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AU Presses Kenyatta ICC Deferral Request

  • Margaret Besheer

Before departing for AU summit in Addis Ababa, Kenyan President Kenyatta, left, with Deputy President Ruto, Nairobi, Kenya, Oct. 12, 2013.

Before departing for AU summit in Addis Ababa, Kenyan President Kenyatta, left, with Deputy President Ruto, Nairobi, Kenya, Oct. 12, 2013.

The African Union is pushing ahead with its bid for a one-year deferral of International Criminal Court charges against Kenya’s president and deputy president, saying it will move for a resolution in the U.N. Security Council.

A delegation of African foreign ministers met with the U.N. Security Council for informal discussions Thursday, seeking a deferral of the charges against President Uhuru Kenyatta and his deputy, William Ruto.

The two men are charged with instigating post-election violence in 2007 and 2008 that killed more than 1,100 people and displaced more than half a million others.

Speaking to reporters after the meeting, Ethiopian Foreign Minister Tedros Adhanom Ghebreyesus, who led the delegation, said the deferral is necessary because of concerns that Kenya could become destabilized if its leaders are away at trial and not focused on domestic matters.

“The situation in our corner of the world is not just a threat for that region, but it is for the international community, also," he said. "So we are asking the deferral because this is a serious threat to international peace and security in addition to our region, and we should prevent any havoc from happening in Kenya, because we don’t need another destabilized country in that part of the world.”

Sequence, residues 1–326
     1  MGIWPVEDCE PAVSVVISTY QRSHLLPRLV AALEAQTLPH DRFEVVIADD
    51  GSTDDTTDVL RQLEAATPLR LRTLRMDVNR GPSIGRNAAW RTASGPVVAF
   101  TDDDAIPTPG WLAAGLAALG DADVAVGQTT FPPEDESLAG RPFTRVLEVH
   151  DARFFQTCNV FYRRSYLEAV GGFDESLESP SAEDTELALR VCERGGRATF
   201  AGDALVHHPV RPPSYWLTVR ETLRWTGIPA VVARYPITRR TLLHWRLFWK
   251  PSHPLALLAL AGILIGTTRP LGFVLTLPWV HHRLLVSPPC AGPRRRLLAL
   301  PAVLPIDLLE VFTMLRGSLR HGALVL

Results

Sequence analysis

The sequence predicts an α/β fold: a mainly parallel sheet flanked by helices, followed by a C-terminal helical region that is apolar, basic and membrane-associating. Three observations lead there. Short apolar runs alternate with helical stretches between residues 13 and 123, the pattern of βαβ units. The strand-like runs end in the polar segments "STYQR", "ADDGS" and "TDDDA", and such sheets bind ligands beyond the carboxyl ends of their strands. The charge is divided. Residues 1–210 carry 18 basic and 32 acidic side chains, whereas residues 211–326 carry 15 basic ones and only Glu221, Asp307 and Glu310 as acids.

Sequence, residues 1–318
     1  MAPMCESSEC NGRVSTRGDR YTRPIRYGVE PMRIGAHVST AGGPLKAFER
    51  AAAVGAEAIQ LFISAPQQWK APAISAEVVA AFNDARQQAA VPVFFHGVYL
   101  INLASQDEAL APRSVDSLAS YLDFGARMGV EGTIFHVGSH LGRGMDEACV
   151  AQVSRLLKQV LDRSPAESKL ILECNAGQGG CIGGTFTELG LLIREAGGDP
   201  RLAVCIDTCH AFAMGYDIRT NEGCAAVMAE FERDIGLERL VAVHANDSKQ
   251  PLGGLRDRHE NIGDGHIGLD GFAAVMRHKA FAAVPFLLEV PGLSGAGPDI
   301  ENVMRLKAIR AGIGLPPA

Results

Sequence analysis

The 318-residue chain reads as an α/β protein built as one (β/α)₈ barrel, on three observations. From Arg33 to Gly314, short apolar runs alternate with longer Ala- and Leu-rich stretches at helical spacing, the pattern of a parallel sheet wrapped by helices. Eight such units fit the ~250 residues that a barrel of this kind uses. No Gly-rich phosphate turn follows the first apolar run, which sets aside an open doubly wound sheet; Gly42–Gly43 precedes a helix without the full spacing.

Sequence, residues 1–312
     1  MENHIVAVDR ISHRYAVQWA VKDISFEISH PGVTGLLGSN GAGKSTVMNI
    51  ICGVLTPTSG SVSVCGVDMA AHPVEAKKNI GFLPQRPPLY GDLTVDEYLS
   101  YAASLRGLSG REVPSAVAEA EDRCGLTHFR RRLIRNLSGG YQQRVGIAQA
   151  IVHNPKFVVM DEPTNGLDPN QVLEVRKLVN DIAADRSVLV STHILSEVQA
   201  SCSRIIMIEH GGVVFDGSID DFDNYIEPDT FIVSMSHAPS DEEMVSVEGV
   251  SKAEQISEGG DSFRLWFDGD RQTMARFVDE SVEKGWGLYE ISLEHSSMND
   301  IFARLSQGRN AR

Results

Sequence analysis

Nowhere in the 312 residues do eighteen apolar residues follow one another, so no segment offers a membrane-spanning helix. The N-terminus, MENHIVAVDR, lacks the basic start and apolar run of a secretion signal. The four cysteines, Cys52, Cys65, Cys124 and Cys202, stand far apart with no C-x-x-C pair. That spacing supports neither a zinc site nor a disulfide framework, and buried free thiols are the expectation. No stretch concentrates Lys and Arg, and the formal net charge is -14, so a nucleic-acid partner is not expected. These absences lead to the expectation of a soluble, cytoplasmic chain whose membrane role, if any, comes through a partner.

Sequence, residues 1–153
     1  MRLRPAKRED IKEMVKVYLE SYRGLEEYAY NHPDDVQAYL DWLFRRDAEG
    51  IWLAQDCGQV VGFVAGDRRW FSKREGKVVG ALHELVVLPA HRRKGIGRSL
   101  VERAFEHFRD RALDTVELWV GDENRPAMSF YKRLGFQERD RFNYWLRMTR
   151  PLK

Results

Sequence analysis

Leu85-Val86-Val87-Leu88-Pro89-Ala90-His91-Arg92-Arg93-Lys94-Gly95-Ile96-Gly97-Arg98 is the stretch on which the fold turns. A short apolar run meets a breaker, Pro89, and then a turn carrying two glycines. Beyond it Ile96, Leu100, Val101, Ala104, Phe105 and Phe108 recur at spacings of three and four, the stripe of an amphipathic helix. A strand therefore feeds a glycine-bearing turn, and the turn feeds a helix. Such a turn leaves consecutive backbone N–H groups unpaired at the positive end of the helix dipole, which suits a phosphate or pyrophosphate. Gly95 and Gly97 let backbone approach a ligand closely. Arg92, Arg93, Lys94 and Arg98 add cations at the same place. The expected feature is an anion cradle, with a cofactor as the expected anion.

The Hague-based ICC announced Thursday that it has agreed to a three-month postponement to the start of President Kenyatta’s trial, which had been due to begin November 12. It will now start on February 5.

The U.N. Security Council has the power to issue what is known as an Article 16 deferral for ICC cases, but such a decision would require the agreement of all 15 Council members, and diplomats say members are currently divided on the issue. The Council has twice before declined to give a formal answer to the Africans when they sought a deferral in 2011 and then a termination of the Kenyan case in May.

The Ethiopian foreign minister said a one-year deferral would give the Africans time so they could engage with the Assembly of States Parties — the body that oversees the ICC — as well as with the Security Council in order to reach a solution.

He said they will soon put forward a resolution in the Security Council seeking the deferral.

Richard Dicker, International Justice Program director for Human Rights Watch, thinks the Council will likely reject the African request, fearful of creating what he called a “dangerous precedent." He also expressed concern about what could happen to witnesses who have been harassed.

“I think a number of Council members know full well that a delay for a year could be tantamount to a dismissal of the cases, given the intensive witness intimidation that has been going on against witnesses and the Kenyan authorities’ need to cease and desist on immediately.”

Dicker said he thinks it is important that the Security Council give the African Union a proper response this time, whether it is one they want to hear or not.

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